Pedro de Sintra

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Pedro de Sintra, also known as Pêro de Sintra, Pedro da Cintra and Pedro da Sintra, was a Portuguese explorer.[1] He was among the first Europeans to explore the West African coast. Around 1462 his expedition reached contemporary Sierra Leone and named it. Although according to professor C. Magbaily Fyle this could have possibly been a misinterpretation of historians; there has been evidence of Serra Lyoa being mentioned prior to 1462, the year when de Sintra's expedition reached the coast of Sierra Leone.[2] This would suggest that the person who named Sierra Leone is still unknown. However, if de Sintra did name the area, it is unclear whether he named it after the landforms or climate in the area. According to some the coastal regions resembled lion's teeth while others suggest the thunderstorms sounded like the roar of a lion.[3] Sixteenth century English sailors called the area Sierra Leoa which later evolved to Sierra Leone in the 17th century. The British, prior to the area being colonised, officially adopted the name Sierra Leone in 1787.[3]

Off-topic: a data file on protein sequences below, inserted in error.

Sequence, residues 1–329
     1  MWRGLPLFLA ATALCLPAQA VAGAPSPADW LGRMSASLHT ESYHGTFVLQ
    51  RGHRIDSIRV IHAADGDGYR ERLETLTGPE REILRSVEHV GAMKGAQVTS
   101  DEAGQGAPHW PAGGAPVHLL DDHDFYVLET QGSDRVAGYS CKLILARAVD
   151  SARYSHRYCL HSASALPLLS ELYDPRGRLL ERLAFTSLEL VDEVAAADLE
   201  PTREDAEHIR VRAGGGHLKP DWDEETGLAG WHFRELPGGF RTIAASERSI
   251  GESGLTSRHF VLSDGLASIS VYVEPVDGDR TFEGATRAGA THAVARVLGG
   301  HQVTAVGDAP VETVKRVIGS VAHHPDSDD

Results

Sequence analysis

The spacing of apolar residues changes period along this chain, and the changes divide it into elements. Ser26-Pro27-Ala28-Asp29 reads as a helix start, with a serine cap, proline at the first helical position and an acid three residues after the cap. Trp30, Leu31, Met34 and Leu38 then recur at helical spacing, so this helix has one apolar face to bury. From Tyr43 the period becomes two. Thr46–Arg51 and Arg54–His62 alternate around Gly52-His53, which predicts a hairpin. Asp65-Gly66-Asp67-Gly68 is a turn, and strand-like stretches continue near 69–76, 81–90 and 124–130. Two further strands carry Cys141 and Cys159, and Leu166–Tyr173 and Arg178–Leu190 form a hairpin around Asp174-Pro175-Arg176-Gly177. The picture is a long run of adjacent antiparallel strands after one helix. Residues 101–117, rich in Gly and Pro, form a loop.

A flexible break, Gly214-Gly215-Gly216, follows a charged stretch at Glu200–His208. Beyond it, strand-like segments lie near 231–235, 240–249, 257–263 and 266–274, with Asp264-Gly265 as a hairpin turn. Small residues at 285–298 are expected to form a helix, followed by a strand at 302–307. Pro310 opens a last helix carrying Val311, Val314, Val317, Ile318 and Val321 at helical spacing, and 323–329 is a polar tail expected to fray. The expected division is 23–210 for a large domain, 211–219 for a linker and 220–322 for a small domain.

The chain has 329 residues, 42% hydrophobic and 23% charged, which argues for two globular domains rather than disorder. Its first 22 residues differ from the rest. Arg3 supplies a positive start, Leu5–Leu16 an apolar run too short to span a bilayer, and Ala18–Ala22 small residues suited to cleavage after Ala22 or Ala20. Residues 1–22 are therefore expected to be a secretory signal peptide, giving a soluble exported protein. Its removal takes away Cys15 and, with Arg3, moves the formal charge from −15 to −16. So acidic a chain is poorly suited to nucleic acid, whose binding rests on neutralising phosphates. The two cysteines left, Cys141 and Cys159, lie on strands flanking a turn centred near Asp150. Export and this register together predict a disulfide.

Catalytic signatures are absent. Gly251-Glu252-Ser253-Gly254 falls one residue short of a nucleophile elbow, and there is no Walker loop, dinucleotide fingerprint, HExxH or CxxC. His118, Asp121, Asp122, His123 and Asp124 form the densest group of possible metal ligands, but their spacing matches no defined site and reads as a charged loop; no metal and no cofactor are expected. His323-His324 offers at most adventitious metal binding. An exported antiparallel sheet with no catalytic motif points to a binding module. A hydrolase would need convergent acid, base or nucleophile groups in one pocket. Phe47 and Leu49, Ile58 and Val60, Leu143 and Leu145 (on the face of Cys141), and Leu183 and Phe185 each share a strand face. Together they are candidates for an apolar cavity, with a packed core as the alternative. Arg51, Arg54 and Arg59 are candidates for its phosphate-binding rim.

De Sintra continued his journey with his expedition from Sierra Leone to contemporary Nigeria, where the Kingdom of Benin thrived. He described the streets of Benin wide and clean; unlike anything he had encounted in Europe. He also described the people well clad.[4]

References[edit]

  1. ^ "Pedro de Sintra". Encyclopædia Britannica. Retrieved 31 March 2018.
  2. ^ Fyle, C. Magbaily (22 June 2015). "Pedro da Çintra did not name Sierra Leone: An Exploration into available evidence". Concord Times. Retrieved 31 March 2018.
  3. ^ a b "Sierra Leone - Background". Visit Sierra Leone. Retrieved 31 March 2018.
  4. ^ Zack-Williams, Alfred B. (2004). "Amistad and Education in The African Diaspora: The First in the Annual Amistad Lecture Series, CCSU". Africa Update. XI (1). Retrieved 31 March 2018.